What are self storage kiosks?

By David on June 12th, 2012 | 1 Comment

What are self storage kiosks?

Anyone in the self storage industry who’s spent some time looking at how they do things in the USA may well have come across self storage kiosks. However, they don’t seem to have started popping up at UK self storage facilities yet, so for anyone who hasn’t come across them, this article will explain how they work.

What do self storage kiosks do?

A self storage kiosk is a machine that dispenses access to self storage units, in much the same way that a parking meter lets people pay to park for a certain length of time.

A self storage kiosk normally stands near the entrance to the self storage facility. In design terms, it looks rather like a bank ATM, with a screen and a range of buttons, or a touch-screen, which customers use to input the dimensions of the self storage unit they are looking for. The kiosk then tells them if such a unit is available and gives them a price, and if they are happy with it they can sign up on the spot.

A self storage kiosk will usually display on-screen the standard tenancy agreement and any other information customers need to know, and will have a pad to let them sign it electronically. Customers can pay for their self storage unit by either cheque or card, and then – once everything has been taken care of – the machine will either dispense their key to them, or give them a code which opens their unit printed on their receipt.

First launched in 2003, self storage kiosks have since become a common sight at many US self storage facilities. As the market for them has developed, more sophisticated versions have gradually been launched that enable the self storage company to do things like running an instant criminal records check on their potential client as soon as they enter their name, or link the kiosk to their computerised tenancy-management systems. There are even versions which can dispense padlocks in the manner of typical vending machine.

What are the advantages of using self storage kiosks?

The main reason why self storage kiosks are advantageous is that they enable self storage companies to employ fewer people, and to minimise the amount of time their remaining employees have to spend dealing with new tenants.

This can be particularly useful if the self storage facility offers 24-hour access, or if they want to be able to sign up new tenants during public holidays without paying overtime. They can also simply make it easier for new customers to find what they are looking for, and it makes it smoother for their details to go straight onto the self storage company’s system without employees having to spend time sitting behind a desk typing them in.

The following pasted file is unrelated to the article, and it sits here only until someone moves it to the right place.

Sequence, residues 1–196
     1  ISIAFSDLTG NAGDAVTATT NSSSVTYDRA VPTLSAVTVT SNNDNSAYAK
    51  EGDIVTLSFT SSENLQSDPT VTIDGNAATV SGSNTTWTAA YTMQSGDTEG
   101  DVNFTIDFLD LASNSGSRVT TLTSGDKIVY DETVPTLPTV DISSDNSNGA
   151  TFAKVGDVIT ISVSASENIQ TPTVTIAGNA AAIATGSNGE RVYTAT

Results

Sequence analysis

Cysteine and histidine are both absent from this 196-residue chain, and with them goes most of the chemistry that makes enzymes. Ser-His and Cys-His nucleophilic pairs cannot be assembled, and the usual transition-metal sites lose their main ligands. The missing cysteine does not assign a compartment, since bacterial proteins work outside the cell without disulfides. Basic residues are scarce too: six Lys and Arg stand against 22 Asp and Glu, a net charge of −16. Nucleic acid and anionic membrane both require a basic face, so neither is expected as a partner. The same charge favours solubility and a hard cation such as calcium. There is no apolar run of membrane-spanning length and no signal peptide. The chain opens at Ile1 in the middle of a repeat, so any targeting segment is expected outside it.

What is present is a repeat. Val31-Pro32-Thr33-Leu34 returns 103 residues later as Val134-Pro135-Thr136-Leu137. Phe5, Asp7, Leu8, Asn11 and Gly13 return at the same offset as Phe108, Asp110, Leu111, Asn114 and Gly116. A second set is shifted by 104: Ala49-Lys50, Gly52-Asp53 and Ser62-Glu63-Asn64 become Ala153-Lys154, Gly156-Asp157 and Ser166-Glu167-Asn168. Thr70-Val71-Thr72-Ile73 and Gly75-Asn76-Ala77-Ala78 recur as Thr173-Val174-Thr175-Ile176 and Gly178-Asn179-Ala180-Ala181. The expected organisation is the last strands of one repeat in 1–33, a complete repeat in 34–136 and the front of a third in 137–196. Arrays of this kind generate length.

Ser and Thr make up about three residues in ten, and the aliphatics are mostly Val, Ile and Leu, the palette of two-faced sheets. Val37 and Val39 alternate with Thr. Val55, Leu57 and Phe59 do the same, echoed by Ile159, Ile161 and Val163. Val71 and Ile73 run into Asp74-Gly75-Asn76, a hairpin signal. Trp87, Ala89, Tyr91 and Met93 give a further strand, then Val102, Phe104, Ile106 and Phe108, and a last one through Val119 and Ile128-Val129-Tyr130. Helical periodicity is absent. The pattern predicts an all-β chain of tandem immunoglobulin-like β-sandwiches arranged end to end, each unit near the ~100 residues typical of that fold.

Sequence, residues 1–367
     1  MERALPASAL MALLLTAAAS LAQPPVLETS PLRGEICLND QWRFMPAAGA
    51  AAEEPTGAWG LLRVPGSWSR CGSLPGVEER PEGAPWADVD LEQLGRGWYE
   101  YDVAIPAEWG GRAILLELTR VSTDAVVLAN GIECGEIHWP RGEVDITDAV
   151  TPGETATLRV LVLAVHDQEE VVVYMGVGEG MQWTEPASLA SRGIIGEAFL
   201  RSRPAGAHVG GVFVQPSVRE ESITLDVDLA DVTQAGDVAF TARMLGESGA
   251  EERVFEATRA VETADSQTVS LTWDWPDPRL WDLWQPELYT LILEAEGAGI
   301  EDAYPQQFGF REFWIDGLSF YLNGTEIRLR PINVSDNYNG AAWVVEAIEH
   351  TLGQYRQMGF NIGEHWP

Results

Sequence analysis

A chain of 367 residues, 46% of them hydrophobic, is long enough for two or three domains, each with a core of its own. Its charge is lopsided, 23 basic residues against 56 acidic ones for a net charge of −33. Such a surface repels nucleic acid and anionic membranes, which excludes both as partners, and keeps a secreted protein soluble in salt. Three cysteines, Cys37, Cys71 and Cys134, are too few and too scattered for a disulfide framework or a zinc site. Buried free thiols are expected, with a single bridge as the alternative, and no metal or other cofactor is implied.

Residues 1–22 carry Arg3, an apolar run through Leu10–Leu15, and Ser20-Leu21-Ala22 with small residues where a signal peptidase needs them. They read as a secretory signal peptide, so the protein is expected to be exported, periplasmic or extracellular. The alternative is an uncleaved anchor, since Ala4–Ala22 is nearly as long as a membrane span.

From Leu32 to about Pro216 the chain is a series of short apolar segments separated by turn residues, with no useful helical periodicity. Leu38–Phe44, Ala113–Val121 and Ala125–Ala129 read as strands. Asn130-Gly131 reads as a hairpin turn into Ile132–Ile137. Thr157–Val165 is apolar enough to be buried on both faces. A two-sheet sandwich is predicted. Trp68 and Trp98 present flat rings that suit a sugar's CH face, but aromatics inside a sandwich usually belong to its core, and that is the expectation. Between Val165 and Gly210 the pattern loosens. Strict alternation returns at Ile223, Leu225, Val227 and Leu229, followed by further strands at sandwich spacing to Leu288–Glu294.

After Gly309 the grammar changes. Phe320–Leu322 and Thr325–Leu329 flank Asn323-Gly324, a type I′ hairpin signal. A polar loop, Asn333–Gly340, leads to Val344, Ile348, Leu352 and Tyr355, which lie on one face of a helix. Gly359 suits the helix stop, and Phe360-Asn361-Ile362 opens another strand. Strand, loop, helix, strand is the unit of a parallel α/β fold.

Are there any drawbacks to using self storage kiosks?

For some self storage operators, the appeal of self storage kiosks may be hard to fathom. Many self storage firms like having someone to deal with each new customer, as it enables them to make sure they like the look of who they’re dealing with, as well as presenting an opportunity to haggle with wavering customers, and to get to know them a little bit. The face-to-face sale is still a very important part of the self storage industry in the UK, which many managers would be loath to pass up.

Self storage kiosks are fairly expensive in the USA, and while they do allow self storage companies to display their current offers, their ability to really sell self storage as a product is fairly limited. In addition, as they usually stand in the open-air outside, they can be vulnerable to adverse weather conditions and vandalism as well, although newer models are somewhat better-defended against both potential hazards.

Ultimately, it is up to the managers of individual self storage facilities to decide if a self storage kiosk would benefit their business, but as they’ve caught on quite quickly in America, don’t be surprised to see them arriving over here in the not too distant future.

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One Response to “What are self storage kiosks?”

  1. For the past decade, self storage owners had no alternative to high-priced kiosks. Spending tens of thousands of dollars on a kiosk is risky business – How long will it take to recoup your costs? Will customers use it, or just call your store? What will you do when your model becomes outdated?

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